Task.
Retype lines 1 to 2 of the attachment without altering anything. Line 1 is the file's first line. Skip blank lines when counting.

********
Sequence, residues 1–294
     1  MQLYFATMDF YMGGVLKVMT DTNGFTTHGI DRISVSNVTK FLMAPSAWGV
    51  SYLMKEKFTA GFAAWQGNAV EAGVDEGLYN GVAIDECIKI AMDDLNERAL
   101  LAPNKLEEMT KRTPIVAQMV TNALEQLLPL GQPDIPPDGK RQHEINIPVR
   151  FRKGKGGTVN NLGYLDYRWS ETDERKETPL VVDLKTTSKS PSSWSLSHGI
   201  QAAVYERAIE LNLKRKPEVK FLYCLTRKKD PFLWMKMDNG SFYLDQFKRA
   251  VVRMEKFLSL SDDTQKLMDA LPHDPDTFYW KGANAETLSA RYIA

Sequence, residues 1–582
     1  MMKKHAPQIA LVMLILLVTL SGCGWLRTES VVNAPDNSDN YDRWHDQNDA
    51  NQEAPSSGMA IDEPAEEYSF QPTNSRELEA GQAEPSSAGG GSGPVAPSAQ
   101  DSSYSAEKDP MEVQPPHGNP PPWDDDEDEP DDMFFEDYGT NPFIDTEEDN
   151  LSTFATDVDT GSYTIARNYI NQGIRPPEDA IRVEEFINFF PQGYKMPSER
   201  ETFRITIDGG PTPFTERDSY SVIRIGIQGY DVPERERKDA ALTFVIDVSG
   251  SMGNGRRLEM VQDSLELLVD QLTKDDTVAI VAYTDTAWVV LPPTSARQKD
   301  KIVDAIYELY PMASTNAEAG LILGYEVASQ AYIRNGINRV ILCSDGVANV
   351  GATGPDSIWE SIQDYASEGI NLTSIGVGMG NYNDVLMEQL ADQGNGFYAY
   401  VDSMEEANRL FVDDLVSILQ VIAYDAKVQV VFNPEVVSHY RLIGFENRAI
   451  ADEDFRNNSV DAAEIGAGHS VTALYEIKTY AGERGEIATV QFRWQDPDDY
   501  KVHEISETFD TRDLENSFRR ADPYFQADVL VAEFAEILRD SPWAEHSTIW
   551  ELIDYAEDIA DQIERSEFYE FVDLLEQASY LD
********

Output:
Sequence, residues 1–294
     1  MQLYFATMDF YMGGVLKVMT DTNGFTTHGI DRISVSNVTK FLMAPSAWGV